8 238 H.A. Liddle et al. / Journal of Substance Abuse Treatment 22 (2002) therapist training. Trainers described interventions outlined in the MDFT manual, reviewed exemplar therapy videotapes, and asked the social workers to relate aspects of ongoing cases in which they could apply the new techniques. Training with the program director and medical director was limited by time constraints in their schedules and the program director s maternity leave. They reviewed materials being discussed with the staff in the context of signing on to the approach and gaining a basic understanding of MDFT. As noted below, much more time with both was needed to facilitate the adoption process Obstacles in training. Challenges to training were identified at all levels of the system. This included organizational factors such as system/hierarchy disorganization and limited staff time for training activities, as well as individual challenges such as lack of access to the program director during her maternity leave, low overall level of staff experience, and low motivation from staff to work harder. ADTP staff initially characterized the MDFT training team as ivory tower, granting MDFT little credibility. Staff attributions of this nature are frequently encountered barriers to implementation success (Brown, 1987). The social workers voiced powerlessness to effect changes within the system, and doubted the MDFT interventions could be successfully integrated given the demands on their time and the lack of support they generally felt. The MDFT team reframed these barriers as opportunities to understand the blocks to change, and, from this position, to define ways to motivate new behaviors Interventions to increase motivation/readiness. Formal training s first foci (and an ongoing focus for that matter), as in any therapy case, included motivation and engagement building activities. Building on similar efforts during the Baseline/Pre-Exposure phase, trainers worked with each ADTP team member collaboratively to identify something each individual wanted to change to show them how the MDFT technology could address some of the very things for which they sought help. The social workers wanted to make the weekly treatment team meetings more solution-focused and change the behavioral levels system to be more effective. One of the MHT s voiced the desire for more influence in the system and more opportunities to be therapeutic. The medical director asked for help from MDFT supervisors during treatment team meetings to respond to questions about how to intervene proactively. Trainers focused on helping members of the system to generate alternatives that had not been explored, and a positive, optimistic attitude to trying out new behaviors The Implementation phase: making requests for change The 12-month Implementation phase followed the 6 months of training. During this phase, ADTP team members were expected to begin exploratory use of the model (Simpson, 2002), with regular supervision, cotherapy sessions, and booster training meetings with MDFT supervisors. Although formal training was complete, the Implementation phase naturally involved requesting change, reading feedback about staff members ability to implement new interventions, and adapting training and supervision accordingly. As of this writing, 3 months of the Implementation phase have passed. A total of 20 hours have been spent in training and supervision activities with the social workers. Five hours have been spent in regular meetings including the MDFT trainers and program director. Team implementation meetings with the MDFT trainers and the entire ADTP staff have been held weekly. The requests for change involved a continual focus on and recalibration to the behavioral objectives and the dayto-day outcomes of each teen. ADTP team members gradually began to see positive results of their new behaviors and increased efforts. Yet, as Bridges (1991) discusses, the neutral zone, or the period between letting go of old behaviors and adopting new ones, is a difficult one because of unreasonable expectations. They expect to be able to move from the old to the new, but this isn t a trip from one side of the street to the other. It s a journey from one identity to the other, and that takes time (Bridges, 1991, p. 37) Challenges in implementation. As is typically the case in all human change efforts, many obstacles to the technology transfer intervention became apparent when ADTP staff members were asked to implement the new protocols and techniques. Very early in the Implementation phase, MDFT supervisors recognized insufficient time had been spent during the Pre-Exposure and Exposure phases with the program director and the social workers direct supervisor (who was supervisor for the hospital s entire social work department in the mental health division, had no presence on the ADTP unit, and thus was not initially considered accessible or a critical target of intervention). This oversight led to an important lesson. As ADTP team members were asked to implement new techniques and confronted obstacles, MDFT trainers were not in a position to enforce adherence to the protocols. Staff resistance and lack of resources were things the program director and the social workers supervisor needed to address. The critical endorsement of adoption by program leaders, which must take place before implementation can be successful (Simpson, 2002), had been addressed, but not with sufficient comprehensiveness during the previous phases of the study. Thus, MDFT trainers reevaluated their focus and intervened accordingly, as noted below Interventions to change organizational structure. Several new components of the dissemination intervention were added to address the obstacles to implementation. It is important to note these changes were not determined a priori but were arrived at during the course of the technology transfer effort, just as therapists routinely recalibrate inter-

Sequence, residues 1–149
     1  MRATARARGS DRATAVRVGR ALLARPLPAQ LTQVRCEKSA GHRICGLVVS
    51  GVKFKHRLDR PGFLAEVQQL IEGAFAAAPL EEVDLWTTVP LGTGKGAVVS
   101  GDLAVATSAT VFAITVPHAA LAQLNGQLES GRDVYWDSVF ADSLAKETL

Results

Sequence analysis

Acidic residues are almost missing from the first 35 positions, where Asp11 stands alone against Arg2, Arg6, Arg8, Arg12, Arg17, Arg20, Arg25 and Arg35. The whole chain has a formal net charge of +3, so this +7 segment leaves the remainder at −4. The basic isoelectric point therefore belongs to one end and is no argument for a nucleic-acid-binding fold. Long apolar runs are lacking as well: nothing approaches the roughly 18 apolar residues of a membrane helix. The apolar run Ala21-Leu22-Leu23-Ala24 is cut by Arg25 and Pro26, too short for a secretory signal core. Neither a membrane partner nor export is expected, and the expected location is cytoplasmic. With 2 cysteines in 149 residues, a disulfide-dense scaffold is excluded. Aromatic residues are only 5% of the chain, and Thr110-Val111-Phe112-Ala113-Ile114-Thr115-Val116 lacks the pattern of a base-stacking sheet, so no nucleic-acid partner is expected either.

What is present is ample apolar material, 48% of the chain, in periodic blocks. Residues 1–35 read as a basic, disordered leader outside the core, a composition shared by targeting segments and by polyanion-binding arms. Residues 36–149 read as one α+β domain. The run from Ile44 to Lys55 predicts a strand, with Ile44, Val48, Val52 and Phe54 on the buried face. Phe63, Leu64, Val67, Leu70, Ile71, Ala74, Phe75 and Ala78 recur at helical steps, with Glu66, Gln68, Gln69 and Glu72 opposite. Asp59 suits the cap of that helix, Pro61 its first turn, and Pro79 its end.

9 H.A. Liddle et al. / Journal of Substance Abuse Treatment 22 (2002) ventions throughout the course of therapy. First, a regular weekly implementation meeting was instituted to address issues of organizational climate impeding the MDFT technology transfer, including the program director, social workers, RN, MHT s, and MDFT trainers. Although the social work supervisor was not able to attend regularly, his participation in several meetings early on significantly impacted the social workers attitudes and performance. The ultimate goal of these meetings was to instill a clear sense of ownership and commitment from the program director, and to enlist her in the leadership process of implementing the program changes being requested. In these meetings, specific issues were addressed such as the revision of the point system to focus more on positive behaviors and less on punishment. New program protocols were created, such as a parent contract for participation and a list of home behaviors to be considered when assigning levels and privileges at the end of each week. Further, staff relationship and organizational issues were dealt with, as the team clarified each team member s responsibilities and the chain of command. The meetings succeeded in demonstrating the support and leadership of the program director, and in providing a context to address and solve implementation obstacles Interventions to increase staff clinical skill, competence, and accountability. Formal training with the social workers and the MHT s achieved a basic level of understanding about MDFT. As expected, however, intensive work within each subsystem was needed to develop staff competency with the interventions. Mini-retreats were designed to help fine tune the use of the MDFT interventions in the social workers daily work. MDFT supervisors spent increased time modeling how MDFT is done, conducting therapy sessions with the social workers and helping them to make phone calls. Modeling these interventions gave the supervisors credibility in the eyes of the staff and reduced pessimism and negativity (e.g., I can t get the kid to talk about those things ). Finally, videotape session reviews shaped their understanding of therapeutic concepts and enhanced clinical skills. One of the most important interventions in facilitating implementation was the development of weekly behavioral checks on core activities. These scorecards documented information on each patient s progress, including days attended, results of urine screens, program level achieved, as well as the number of phone contacts and sessions conducted. The scorecard, developed by the MDFT team to track adherence to the parameters of the MDFT intervention, served as both a reminder of tasks to be carried out for each adolescent on a weekly basis, as well as an accountability instrument. These scorecards were copied for the social work supervisor and the program director, and were reviewed with each social worker in supervision meetings with MDFT trainers. Early in this phase, the scorecards revealed little adherence to the MDFT protocols, very few family contacts or sessions being conducted, and continued poor attendance and progress in treatment on the part of the patients. Discouraged by slow progress, the social work supervisor and the program director held meetings with each social worker individually to address their difficulties in following the new MDFT protocols. They discussed the social workers concerns about their limited time. The administrators stood firm, however, stating that in order to remain on the ADTP unit, the staff would need to perform according to the new program guidelines. Further, during supervision with the MDFT supervisors, the scorecard was reviewed and MDFT supervisors assisted in problem solving ways to facilitate sessions. Both social workers responded with increased adherence to MDFT protocols. MDFT supervisors also focused more closely during this phase on the content and quality of the therapy. In order to facilitate the development of therapeutic skill necessary to effectively utilize MDFT techniques, MDFT supervisors developed protocols for the social workers to follow. Abridged versions of the MDFT manual, these protocols give simple, single-phrase rationales for the when, why, and how of various stages in the therapeutic process. Specific phrases to help initiate therapeutic conversations are given as guides for review prior to sessions. These protocols have been instrumental in helping social workers to maintain focus on the new MDFT interventions to be implemented Interventions to improve the fit between MDFT and the ADTP. Despite the obstacles presented and discussed in these sections, the overall compatibility between MDFT principles and those of the ADTP served as an important platform for instituting change in the program. Yet, interveners needed to be creative and collaborative in fitting MDFT interventions within the ADTP. For example, social workers did not have time during their day to attend to the rigorous demands of the day treatment program and conduct in-person family sessions with each patient. Thus, weekly phone sessions and biweekly in-person family sessions maximized the social workers time with families. Although MDFT supervisors pushed for more contact with probation officers and other outside systems, they recognized the restraints of the social workers schedules and looked for ways other team members could help. The RN helped by making phone calls to probation officers and family members. The team worked with teachers on how to use class time therapeutically, including having teens write daily personal journal entries to be used in individual therapy. Team cohesion and effectiveness improved when staff saw success for each patient was determined by how well they worked collaboratively for the benefit of each teen. This entire process was facilitated by reading feedback in outcome measures, working closely with the ADTP team to reassess their priorities, and using this feedback to shape the supervision focus.